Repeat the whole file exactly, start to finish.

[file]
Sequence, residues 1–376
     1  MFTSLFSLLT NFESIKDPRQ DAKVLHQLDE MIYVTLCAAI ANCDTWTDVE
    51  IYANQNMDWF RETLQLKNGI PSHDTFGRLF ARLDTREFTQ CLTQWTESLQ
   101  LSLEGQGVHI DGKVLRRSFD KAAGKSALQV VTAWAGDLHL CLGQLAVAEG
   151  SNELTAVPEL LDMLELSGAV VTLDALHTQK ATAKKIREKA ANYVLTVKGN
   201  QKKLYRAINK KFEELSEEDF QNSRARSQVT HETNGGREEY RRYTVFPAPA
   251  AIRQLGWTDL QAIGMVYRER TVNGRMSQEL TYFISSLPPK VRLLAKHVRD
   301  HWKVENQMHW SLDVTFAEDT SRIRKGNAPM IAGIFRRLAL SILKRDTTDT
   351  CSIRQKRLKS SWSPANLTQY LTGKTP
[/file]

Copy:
Sequence, residues 1–376
     1  MFTSLFSLLT NFESIKDPRQ DAKVLHQLDE MIYVTLCAAI ANCDTWTDVE
    51  IYANQNMDWF RETLQLKNGI PSHDTFGRLF ARLDTREFTQ CLTQWTESLQ
   101  LSLEGQGVHI DGKVLRRSFD KAAGKSALQV VTAWAGDLHL CLGQLAVAEG
   151  SNELTAVPEL LDMLELSGAV VTLDALHTQK ATAKKIREKA ANYVLTVKGN
   201  QKKLYRAINK KFEELSEEDF QNSRARSQVT HETNGGREEY RRYTVFPAPA
   251  AIRQLGWTDL QAIGMVYRER TVNGRMSQEL TYFISSLPPK VRLLAKHVRD
   301  HWKVENQMHW SLDVTFAEDT SRIRKGNAPM IAGIFRRLAL SILKRDTTDT
   351  CSIRQKRLKS SWSPANLTQY LTGKTP